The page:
When its initial proposal did not go through, India subsequently (in mid-2018) advocated having the IYOM in 2019. That again might not have left enough time to organize such an observation. Also, the 2019 calendar was already pretty crowded with three international years (on indigenous languages, the periodical table, and moderation).
It is not clear what the process was of deciding on 2023, although that will certainly leave adequate time. The next step is getting a formal United Nations General Assembly resolution declaring IYOM 2023 and its objectives.
Millets (not simply “millet”) are several related grains that have been discussed at some length on this blog (see tag millets, plus an archived version of a post from another site). One question is whether the whole millet spectrum will be covered by IYOM 2023 – from sorghum at the large end to fonio and teff at the small end, via all the grains in between that are surnamed “millet” in English (pearl millet, proso millet, finger millet, foxtail millet, and others).
India is celebrating 2018 as its National Year of Millets. This follows a proposal by the government of India to the United Nations (UN) in late 2017 to make 2018 the International Year of Millets (which I’ll abbreviate IYOM). The purpose of IYOM would have been to highlight the importance of diverse millets for for farmers, for nutrition, and for food production in the wake of effects of climate change. Evidently, and unfortunately, that proposal was too late in the year to set the machinery in motion to organize an international observance of this sort in the following year.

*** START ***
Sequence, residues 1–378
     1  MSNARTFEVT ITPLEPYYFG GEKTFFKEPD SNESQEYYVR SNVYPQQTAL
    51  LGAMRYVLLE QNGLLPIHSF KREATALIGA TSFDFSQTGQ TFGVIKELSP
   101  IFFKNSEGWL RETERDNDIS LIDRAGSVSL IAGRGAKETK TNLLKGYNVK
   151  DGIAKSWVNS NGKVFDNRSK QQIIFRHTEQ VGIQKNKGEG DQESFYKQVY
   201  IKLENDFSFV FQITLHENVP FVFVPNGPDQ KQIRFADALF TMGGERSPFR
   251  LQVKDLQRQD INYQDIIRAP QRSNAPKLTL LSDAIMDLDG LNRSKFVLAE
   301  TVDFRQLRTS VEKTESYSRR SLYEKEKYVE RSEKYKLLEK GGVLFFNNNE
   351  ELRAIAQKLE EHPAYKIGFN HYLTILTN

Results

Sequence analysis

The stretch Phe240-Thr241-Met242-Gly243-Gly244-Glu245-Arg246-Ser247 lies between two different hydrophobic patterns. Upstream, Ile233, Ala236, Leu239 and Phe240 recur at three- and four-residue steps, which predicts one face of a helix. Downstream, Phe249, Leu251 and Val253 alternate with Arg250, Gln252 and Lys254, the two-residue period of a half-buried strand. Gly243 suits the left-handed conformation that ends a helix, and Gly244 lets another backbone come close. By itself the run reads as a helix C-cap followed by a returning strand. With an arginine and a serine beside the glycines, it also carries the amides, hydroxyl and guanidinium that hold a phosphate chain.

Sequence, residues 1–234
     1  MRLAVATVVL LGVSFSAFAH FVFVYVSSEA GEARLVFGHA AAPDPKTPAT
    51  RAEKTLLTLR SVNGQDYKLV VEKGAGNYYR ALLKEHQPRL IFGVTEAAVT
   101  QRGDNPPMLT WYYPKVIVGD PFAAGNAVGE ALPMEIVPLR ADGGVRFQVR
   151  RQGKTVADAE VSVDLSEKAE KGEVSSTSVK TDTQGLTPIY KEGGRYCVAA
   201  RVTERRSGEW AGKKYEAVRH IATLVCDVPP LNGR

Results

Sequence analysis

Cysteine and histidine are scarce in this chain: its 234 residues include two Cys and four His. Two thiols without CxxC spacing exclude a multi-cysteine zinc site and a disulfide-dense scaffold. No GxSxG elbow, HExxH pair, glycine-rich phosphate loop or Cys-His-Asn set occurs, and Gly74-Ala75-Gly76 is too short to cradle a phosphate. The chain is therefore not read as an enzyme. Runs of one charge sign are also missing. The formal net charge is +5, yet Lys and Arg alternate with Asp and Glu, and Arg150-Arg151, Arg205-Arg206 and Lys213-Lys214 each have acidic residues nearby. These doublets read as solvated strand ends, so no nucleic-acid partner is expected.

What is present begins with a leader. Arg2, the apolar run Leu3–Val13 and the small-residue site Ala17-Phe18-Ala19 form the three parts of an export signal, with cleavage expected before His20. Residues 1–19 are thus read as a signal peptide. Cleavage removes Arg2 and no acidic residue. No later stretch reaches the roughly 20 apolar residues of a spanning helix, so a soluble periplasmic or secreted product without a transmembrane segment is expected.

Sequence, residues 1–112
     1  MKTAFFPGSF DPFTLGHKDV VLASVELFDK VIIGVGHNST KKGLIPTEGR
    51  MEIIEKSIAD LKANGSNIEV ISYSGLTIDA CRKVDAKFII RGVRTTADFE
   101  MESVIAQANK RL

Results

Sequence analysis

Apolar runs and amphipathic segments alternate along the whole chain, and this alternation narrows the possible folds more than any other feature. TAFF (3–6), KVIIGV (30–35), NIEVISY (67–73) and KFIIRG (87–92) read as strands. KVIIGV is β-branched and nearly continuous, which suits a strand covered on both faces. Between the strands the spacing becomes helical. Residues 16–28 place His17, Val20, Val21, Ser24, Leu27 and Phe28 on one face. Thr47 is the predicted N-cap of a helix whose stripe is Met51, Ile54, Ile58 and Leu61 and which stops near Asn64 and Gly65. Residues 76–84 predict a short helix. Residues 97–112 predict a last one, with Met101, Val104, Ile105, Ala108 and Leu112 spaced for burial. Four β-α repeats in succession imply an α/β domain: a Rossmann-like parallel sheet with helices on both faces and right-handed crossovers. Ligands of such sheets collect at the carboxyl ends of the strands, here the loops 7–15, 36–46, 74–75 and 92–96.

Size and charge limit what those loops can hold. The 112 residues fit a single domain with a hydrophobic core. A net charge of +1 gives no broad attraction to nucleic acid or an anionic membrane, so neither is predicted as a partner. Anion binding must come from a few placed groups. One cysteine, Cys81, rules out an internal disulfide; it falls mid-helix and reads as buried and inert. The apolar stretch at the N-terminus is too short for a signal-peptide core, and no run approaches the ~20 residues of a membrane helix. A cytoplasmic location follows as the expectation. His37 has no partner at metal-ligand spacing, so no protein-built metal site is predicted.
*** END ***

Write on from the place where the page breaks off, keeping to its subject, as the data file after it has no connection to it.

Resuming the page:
The question at this point is what is the possibility of organizing a future international observance for these important but not fully appreciated grains. Will India’s experience with its current National Year of Millets help generate interest for an eventual IYOM, or take the steam off that proposal? Or will it lead to a year with a related but broader topic, covering something like “underutilized crops”?
It will take some time to know the answers. In the meantime, here’s some information on what has and hasn’t happened with respect to both the national and international years.
India’s National Year of Millets, 2018
The purpose of the National Year in India is similar to that mentioned above for the IYOM. One apparent concern is that even as millets are adapted to diverse conditions and have good nutritional profiles, cultivation of them has declined significantly relative to the main grain crops like wheat and rice.
In January, the southwest Indian state of Karnataka – a major producer of several types of millet – held a previously planned Organics and Millets International Trade Fair in Bengaluru (logo featured at right). But it is not clear from available information what actions are being planned specifically for the year. At such time as more information is available, I will post about it.
India is a veritable crossroads of millets – cultivating most of the millet species grown in diverse parts of the world, and even exporting some. So its success with its National Year of Millets will be important to watch.
Soon the Hyderabad, India-based International Crop Research Institute for the Semi-Arid Tropics (ICRISAT) joined in, with a graphic presentation on the proposed IYOM and support for Minister Singh’s letter. The “Indian Father of the Green Revolution,” Prof. M.S. Swaminathan tweeted his support. Supposedly other countries were interested. But stepping back to look at the planning and lead time given for other international year observances, this idea, however laudable, did not have enough time to generate the support, means, and thinking needed to put together a successful world-wide observance for 2018.